Meaning of FOOT in English
/ fʊt; NAmE / noun , verb
( pl. feet / fiːt; NAmE /)
PART OF BODY
[ C ] the lowest part of the leg, below the ankle, on which a person or an animal stands :
My feet are aching.
to get / rise to your feet (= stand up)
I've been on my feet (= standing or walking around) all day.
We came on foot (= we walked) .
walking around the house in bare feet (= not wearing shoes or socks)
Please wipe your feet (= your shoes) on the mat.
a foot pump (= operated using your foot, not your hand)
a foot passenger (= one who travels on a ferry without a car)
—picture at body
—see also athlete's foot , barefoot , club foot , underfoot ➡ note at stand
(in adjectives and adverbs) having or using the type or number of foot / feet mentioned :
a left-footed shot into the corner
—see also flat-footed , sure-footed
PART OF SOCK
[ C , usually sing. ] the part of a sock, stocking , etc. that covers the foot
BASE / BOTTOM
[ sing. ] the ~ of sth the lowest part of sth; the base or bottom of sth :
the foot of the stairs / page / mountain
The nurse hung a chart at the foot of the bed (= the part of the bed where your feet normally are when you are lying in it) .
➡ note at bottom
( pl. feet or foot ) ( abbr. ft ) a unit for measuring length equal to 12 inches or 30.48 centimetres :
a 6-foot high wall
We're flying at 35 000 feet.
'How tall are you?' 'Five foot nine' (= five feet and nine inches) .
(in compound nouns) a person or thing that is a particular number of feet tall or long :
His boat is an eighteen-footer.
[ sing. ] ( technical ) a unit of rhythm in a line of poetry containing one stressed syllable and one or more syllables without stress. Each of the four divisions in the following line is a foot :
For ˈmen / may ˈcome / and ˈmen / may ˈgo.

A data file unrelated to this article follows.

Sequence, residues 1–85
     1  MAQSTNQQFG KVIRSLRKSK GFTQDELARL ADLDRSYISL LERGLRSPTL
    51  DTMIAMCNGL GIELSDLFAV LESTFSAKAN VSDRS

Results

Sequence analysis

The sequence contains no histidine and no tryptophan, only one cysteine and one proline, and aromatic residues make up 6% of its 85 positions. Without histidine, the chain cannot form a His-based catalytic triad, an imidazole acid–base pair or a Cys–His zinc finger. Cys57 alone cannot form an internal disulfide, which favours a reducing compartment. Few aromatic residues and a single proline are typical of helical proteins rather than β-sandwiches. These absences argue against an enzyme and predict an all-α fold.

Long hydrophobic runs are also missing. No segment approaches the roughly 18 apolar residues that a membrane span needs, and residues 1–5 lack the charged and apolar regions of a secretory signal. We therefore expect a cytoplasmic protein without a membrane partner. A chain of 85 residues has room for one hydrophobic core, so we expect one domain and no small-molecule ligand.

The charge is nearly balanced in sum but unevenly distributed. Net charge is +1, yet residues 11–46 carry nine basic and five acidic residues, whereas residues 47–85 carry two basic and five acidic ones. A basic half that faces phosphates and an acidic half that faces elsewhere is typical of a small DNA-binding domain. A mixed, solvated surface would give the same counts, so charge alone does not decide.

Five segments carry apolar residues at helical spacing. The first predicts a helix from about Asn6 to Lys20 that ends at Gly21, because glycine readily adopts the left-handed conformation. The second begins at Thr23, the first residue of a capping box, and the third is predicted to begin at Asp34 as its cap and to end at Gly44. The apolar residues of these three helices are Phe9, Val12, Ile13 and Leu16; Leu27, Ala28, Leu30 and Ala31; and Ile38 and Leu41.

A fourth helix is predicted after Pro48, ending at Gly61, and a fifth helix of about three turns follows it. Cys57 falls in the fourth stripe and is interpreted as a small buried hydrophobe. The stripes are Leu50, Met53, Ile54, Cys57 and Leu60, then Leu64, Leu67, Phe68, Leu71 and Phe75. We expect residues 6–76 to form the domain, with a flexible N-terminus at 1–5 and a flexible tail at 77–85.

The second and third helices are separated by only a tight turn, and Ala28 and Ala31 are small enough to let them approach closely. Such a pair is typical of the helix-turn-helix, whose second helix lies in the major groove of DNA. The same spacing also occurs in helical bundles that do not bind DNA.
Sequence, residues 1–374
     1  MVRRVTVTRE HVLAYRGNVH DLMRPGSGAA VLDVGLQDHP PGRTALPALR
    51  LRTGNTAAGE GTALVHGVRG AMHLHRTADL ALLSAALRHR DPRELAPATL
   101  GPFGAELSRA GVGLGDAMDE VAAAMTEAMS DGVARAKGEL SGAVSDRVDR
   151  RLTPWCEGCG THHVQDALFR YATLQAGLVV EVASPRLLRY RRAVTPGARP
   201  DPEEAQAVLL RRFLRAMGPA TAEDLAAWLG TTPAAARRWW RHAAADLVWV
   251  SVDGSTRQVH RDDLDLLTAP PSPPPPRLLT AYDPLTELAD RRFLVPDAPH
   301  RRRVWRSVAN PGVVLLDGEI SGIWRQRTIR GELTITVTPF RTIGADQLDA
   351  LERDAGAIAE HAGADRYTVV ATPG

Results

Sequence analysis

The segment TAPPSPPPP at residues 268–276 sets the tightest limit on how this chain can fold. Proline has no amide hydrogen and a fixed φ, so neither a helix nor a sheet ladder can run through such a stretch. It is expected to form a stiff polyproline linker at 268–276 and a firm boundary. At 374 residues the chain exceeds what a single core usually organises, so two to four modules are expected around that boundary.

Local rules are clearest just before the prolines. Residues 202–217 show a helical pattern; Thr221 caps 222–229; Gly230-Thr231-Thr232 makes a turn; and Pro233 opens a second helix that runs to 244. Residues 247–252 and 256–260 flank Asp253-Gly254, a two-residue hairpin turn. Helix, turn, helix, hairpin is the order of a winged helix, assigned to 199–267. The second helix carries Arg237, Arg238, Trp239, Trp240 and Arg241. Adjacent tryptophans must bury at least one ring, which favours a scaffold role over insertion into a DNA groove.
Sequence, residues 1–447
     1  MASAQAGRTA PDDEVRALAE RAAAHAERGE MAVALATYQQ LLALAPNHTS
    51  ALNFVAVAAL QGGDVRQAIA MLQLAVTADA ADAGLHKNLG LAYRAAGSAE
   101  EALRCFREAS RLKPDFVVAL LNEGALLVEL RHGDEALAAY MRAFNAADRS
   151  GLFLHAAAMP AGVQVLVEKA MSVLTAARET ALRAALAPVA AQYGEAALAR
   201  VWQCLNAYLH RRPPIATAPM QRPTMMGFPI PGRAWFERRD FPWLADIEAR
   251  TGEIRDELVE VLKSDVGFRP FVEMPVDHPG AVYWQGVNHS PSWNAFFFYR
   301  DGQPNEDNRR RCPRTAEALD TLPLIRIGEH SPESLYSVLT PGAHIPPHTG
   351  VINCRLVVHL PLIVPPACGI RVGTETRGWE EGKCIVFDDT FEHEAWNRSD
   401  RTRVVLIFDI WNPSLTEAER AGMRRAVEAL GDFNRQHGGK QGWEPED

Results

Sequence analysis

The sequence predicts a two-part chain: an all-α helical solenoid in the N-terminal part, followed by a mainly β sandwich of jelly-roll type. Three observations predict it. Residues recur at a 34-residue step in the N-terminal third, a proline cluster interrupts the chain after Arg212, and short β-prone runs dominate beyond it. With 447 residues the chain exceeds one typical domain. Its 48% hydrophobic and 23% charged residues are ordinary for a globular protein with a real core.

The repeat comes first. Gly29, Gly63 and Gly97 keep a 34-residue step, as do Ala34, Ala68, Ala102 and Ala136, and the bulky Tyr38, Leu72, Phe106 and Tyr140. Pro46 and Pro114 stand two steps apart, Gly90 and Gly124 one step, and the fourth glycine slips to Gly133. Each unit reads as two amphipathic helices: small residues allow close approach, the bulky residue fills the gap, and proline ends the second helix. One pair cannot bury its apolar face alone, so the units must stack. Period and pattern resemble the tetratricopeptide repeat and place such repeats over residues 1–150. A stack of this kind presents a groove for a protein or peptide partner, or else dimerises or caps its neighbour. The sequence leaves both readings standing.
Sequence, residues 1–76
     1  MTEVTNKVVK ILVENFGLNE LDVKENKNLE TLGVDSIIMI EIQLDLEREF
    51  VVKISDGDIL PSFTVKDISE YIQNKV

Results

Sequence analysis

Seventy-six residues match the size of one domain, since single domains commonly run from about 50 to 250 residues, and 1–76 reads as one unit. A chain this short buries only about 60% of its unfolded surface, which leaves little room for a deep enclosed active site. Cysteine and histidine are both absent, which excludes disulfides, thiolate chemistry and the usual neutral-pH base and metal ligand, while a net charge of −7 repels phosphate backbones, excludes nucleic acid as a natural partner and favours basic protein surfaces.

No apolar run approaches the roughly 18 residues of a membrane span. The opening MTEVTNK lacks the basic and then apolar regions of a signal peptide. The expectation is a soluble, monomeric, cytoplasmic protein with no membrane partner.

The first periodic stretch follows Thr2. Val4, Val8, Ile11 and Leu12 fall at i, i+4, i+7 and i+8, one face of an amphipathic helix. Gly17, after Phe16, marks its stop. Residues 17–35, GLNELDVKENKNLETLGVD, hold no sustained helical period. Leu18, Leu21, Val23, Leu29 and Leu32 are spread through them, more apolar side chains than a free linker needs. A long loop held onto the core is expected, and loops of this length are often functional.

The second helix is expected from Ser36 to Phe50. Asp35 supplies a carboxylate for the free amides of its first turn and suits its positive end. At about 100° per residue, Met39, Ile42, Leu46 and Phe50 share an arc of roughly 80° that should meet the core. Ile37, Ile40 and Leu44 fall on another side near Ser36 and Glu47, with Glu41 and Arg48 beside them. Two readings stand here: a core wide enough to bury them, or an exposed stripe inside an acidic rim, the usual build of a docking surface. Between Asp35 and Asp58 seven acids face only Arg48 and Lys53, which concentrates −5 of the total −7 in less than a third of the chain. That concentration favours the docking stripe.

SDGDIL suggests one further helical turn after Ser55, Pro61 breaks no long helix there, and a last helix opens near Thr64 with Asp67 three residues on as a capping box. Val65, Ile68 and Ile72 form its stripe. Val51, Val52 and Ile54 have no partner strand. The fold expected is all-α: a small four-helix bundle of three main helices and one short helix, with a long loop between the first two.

- be rushed / run off your feet
- fall / land on your feet
- feet first
- get / have a / your foot in the door
- get / start off on the right / wrong foot (with sb)
- get your feet wet
- have feet of clay
- have / keep your feet on the ground
- have / keep a foot in both camps
- have one foot in the grave
- ... my foot!
- on your feet
- put your best foot forward
- put your feet up
- put your foot down
- put your foot in it
- put a foot wrong
- set foot in / on sth
- set sb/sth on their / its feet
- stand on your own (two) feet
- under your feet
—more at boot noun , cold adjective , drag verb , find verb , grass noun , ground noun , hand noun , head noun , itchy , left adjective , patter noun , pull verb , shoe noun , shoot verb , sit , stocking , sweep verb , think verb , vote verb , wait verb , walk verb , weight noun , world
- foot the bill
Old English fōt , of Germanic origin; related to Dutch voet and German Fuss , from an Indo-European root shared by Sanskrit pad, pāda , Greek pous, pod- , and Latin pes, ped- foot.
Oxford Advanced Learner's English Dictionary. Оксфордский английский словарь для изучающик язык на продвинутом уровне. 2005